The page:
It’s a simple pleasure like no other: and enjoyment arises from all the arguments I’ve presented above and more. From feeling the wind and sun on your face as you glide along to the sense of achievement when you conquer that seemingly-impossible hill. That childlike buzz of excitement when you race down a hill and feel the speed pick up until you’re sure you can’t even control the bike anymore. Pumping hard on the pedals to build up a bit of pace and then simply allowing the wheels to roll under you as you take a moment to rest your legs and simply take it all in. There’s the sights you see, the terrain you explore and the people you meet that simply couldn’t be achieved from the confines of a car. One thing I’ve learnt in the short 3 months since we begun planning our adventure is that there truly is a cycling ‘community’, filled with wonderful and experienced people from all corners of the globe, united by a shared passion, people who offer support, encouragement, advice and assistance at every turn. You only have to look at the huge community at warmshowers.org to see just how many cycling enthusiasts there are out there who are willing to put themselves out in order to help a stranger: something I truly admire and feel proud to be a part of.
Cycling is also more fun for Theo. Although on paper, he isn’t doing much by sitting in his trailer, he actively asks to go in and and requests cycle rides. As I cycle along towing him behind me, I can hear him chattering about the things he sees passing by him- observing the different animals, the trucks and motorbikes, pointing out the people he sees, the farmer harvesting in the field alongside, the stream bubbing over the hills. He loves to stop and find himself in new, unexplored terrain at every turn; and perhaps more simply, he seems to enjoy having his own little space n which to play with his toys, or even sleep when needed. Theo has always been a reasonably happy traveller and is rarely phased by the long commutes we were forced to undertake to my place of work in the car. However, I found there was no-where near the same degree of interaction from him whilst sat in his carseat. More often than not, he would simply sit with a glazed expression, staring at the passing traffic. Cycling, it seems, is more interactive for him.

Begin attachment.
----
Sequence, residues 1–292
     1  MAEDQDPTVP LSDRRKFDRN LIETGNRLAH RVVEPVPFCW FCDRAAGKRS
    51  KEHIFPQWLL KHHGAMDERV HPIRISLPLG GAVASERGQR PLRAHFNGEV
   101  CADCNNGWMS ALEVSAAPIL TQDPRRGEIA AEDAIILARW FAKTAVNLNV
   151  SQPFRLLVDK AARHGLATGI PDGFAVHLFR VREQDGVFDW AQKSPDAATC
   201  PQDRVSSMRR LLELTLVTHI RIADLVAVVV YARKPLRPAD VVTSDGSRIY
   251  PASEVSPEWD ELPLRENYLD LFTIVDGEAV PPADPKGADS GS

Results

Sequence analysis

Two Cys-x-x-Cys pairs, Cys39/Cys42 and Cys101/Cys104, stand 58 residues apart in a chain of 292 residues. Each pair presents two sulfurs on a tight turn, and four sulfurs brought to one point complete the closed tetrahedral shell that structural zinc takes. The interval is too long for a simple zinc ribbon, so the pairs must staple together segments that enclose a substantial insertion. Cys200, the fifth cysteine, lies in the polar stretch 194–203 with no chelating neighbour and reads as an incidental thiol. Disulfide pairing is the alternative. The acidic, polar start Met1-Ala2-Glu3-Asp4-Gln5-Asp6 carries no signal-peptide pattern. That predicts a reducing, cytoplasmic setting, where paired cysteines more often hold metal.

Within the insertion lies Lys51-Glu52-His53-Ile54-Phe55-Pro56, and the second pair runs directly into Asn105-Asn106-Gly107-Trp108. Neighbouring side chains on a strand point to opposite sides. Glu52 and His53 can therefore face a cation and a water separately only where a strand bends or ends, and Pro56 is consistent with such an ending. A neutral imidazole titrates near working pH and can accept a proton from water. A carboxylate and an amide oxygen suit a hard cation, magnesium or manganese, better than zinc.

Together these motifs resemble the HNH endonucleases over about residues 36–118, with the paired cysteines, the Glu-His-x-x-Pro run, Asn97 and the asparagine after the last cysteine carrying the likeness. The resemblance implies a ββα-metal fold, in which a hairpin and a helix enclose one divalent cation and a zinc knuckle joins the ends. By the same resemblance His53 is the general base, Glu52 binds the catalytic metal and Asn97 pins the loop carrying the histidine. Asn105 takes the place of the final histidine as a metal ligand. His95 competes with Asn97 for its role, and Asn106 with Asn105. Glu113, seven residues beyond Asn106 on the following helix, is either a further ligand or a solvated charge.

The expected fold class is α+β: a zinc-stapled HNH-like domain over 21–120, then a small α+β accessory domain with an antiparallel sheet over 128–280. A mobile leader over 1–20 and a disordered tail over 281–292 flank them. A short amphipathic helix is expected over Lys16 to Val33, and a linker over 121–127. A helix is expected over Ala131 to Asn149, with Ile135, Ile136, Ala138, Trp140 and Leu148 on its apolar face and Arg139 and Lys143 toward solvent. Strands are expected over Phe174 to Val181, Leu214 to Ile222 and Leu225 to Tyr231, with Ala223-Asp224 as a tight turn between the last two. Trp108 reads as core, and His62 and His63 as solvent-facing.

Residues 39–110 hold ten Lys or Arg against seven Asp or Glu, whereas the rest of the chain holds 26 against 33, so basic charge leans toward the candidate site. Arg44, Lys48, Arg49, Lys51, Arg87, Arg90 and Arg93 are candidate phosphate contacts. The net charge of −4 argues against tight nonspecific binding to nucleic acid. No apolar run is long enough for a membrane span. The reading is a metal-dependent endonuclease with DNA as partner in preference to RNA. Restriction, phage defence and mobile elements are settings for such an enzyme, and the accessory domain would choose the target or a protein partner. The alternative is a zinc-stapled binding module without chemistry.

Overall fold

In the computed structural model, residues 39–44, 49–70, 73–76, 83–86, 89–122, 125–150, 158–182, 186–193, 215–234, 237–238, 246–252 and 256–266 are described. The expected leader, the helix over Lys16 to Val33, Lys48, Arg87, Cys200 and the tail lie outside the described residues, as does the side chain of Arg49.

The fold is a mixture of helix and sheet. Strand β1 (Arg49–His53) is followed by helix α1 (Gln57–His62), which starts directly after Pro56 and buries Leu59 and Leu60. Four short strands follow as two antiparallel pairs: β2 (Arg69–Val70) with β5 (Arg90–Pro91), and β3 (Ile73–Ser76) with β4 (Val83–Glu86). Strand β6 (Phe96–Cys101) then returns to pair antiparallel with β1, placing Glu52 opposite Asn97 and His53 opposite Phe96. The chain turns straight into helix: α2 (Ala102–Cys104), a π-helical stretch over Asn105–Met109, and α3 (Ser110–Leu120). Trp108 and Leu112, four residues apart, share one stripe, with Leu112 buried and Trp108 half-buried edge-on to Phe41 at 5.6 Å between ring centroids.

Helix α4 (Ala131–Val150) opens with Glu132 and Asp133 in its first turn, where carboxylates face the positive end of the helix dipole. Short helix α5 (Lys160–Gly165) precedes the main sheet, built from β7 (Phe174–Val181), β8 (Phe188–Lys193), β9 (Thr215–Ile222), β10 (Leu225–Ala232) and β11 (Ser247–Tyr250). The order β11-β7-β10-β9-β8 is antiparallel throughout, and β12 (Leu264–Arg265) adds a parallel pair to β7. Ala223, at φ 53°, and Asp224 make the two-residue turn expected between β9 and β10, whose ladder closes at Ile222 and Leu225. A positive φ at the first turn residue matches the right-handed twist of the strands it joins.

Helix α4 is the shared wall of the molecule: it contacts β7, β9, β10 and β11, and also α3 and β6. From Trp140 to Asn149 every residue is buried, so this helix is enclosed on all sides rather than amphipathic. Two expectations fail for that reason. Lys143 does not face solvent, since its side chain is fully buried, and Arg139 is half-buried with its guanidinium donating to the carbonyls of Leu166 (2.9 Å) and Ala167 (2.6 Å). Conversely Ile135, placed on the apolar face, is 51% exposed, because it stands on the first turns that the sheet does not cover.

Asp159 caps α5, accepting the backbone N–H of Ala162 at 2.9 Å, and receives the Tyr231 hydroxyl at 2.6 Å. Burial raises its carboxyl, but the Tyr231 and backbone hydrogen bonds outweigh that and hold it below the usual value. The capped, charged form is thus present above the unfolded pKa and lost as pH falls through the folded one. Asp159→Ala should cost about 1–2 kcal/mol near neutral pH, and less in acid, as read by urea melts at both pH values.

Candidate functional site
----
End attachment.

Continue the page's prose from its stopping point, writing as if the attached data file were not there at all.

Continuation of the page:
I’m sure as our travels progress, I’ll find plenty more arguments for and against the wonders of bicycle touring- but for now, I know we’ve made the right decision. I only hope that our experiences can inspire more families out there to do the same and hop on their bikes- it’s an experience like no other.
Dont’t just take my word for it- this fab post, ‘The Sweet Life of Bicycle Touring’ from the Travelling Two website perfectly summarises why bike is best when it comes to undertaking a travelling venture.